The National Pork Producers Council praised the Obama administration for agreeing to accept Japan into the Trans-Pacific Partnership (TPP) trade negotiations.
The TPP is a regional trade negotiation that includes the United States, Australia, Brunei Darussalam, Canada, Chile, Malaysia, Mexico, New Zealand, Peru, Singapore and Vietnam, which account for a combined 30 percent of global GDP. Japan already has free trade agreements with seven of the 11 TPP countries: Brunei, Chile, Malaysia, Mexico, Peru, Singapore and Vietnam.
“The addition of Japan to the negotiations will exponentially increase the importance of the TPP to pork producers and to other sectors of the U.S. economy,” said NPPC President Randy Spronk, a pork producer from Edgerton, Minn. “Japan’s entry into the trade talks will spur interest in the TPP among other countries in Asia and Latin America, and it will signal to other nations that efforts to negotiate more open and transparent trading arrangements will continue, even as multilateral efforts to do so are stymied.”
Japan’s economy is second only to China’s in the region, and it is the fourth largest US agricultural export market overall. U.S. food and agricultural exports to Japan in 2012 totaled $13.5 billion. Japan is the top value export market for U.S. pork, accounting for almost $2 billion in 2012 sales.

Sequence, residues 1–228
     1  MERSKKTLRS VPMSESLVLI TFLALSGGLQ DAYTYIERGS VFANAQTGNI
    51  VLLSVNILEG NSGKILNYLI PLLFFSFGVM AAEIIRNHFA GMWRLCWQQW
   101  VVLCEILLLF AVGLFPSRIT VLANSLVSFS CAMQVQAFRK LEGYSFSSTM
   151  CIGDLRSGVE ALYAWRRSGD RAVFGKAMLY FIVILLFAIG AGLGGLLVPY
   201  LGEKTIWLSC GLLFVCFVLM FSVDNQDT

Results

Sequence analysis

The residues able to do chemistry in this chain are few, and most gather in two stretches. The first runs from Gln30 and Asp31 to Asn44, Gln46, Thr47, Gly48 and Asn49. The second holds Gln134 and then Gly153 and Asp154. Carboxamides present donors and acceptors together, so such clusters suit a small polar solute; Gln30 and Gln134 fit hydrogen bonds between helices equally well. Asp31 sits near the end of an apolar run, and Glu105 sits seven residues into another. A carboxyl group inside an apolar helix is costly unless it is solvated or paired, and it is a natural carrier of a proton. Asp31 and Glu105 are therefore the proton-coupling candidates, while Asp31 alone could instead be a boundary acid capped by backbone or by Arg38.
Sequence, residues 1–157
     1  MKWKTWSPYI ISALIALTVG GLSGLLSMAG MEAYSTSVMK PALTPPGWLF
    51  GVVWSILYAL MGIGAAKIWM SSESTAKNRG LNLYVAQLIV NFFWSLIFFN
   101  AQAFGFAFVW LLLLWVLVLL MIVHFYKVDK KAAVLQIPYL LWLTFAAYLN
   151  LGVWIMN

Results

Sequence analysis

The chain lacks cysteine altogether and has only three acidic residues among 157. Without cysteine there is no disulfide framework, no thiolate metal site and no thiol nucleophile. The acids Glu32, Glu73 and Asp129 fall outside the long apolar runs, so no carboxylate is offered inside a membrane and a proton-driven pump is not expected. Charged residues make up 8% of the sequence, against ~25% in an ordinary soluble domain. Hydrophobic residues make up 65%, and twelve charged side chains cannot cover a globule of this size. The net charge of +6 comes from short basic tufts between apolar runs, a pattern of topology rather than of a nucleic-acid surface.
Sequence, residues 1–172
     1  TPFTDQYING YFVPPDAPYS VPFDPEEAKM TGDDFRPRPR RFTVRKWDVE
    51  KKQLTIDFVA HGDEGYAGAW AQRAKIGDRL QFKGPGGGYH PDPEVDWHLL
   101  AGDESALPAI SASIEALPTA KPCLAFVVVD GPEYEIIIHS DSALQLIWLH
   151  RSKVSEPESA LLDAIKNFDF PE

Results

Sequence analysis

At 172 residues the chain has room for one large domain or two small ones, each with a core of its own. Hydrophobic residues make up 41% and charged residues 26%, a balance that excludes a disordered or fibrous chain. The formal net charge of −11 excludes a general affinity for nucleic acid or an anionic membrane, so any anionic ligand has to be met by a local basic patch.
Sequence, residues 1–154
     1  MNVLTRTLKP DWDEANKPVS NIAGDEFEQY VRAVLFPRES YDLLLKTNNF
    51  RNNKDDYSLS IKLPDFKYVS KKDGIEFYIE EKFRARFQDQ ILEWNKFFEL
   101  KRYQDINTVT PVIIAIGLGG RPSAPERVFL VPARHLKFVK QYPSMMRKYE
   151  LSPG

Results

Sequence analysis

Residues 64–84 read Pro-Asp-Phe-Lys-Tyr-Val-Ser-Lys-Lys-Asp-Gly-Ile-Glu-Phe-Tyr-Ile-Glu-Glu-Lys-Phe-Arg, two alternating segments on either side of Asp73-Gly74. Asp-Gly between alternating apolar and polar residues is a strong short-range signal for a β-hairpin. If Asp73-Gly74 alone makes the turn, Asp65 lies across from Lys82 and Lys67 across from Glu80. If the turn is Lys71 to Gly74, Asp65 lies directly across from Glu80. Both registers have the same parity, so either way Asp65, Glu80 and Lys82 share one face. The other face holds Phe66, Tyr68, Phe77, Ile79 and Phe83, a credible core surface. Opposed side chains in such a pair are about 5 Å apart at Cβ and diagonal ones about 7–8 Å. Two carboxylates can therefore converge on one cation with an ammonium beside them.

“With Japan in it, TPP is the single most important trade negotiation ever for U.S. pork and many other U.S. agricultural products,” Spronk said. “We estimate that a South Korea-Colombia-type outcome for U.S. pork in the TPP negotiation – meaning the elimination of all tariff and non-tariff barriers – will create 27,000 direct and indirect pork industry jobs in the United States.
“We look forward to working closely with the Obama administration and Congress to fashion an agreement that US pork producers can strongly endorse,” added Spronk.
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